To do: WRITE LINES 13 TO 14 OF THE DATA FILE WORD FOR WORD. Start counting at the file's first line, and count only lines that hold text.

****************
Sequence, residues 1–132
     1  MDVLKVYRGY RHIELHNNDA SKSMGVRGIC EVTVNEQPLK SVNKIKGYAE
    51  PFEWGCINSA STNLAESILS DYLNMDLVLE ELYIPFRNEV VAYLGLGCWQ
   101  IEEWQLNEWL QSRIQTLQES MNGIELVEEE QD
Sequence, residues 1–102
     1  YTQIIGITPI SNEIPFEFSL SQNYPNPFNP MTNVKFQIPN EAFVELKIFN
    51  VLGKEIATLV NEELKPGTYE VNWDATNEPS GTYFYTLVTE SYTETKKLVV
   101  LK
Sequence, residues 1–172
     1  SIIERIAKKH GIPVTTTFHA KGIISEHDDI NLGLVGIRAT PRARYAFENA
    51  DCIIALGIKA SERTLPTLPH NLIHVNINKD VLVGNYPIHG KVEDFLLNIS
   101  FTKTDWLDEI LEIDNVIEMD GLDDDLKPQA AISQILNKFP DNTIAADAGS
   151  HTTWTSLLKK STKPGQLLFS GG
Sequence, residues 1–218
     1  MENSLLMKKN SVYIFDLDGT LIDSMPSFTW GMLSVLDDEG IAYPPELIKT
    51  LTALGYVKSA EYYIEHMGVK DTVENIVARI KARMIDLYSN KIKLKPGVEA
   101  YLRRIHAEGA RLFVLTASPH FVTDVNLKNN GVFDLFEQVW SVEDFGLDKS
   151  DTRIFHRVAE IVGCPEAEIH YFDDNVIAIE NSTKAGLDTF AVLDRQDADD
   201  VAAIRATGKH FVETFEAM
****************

   151  HTTWTSLLKK STKPGQLLFS GG
Sequence, residues 1–218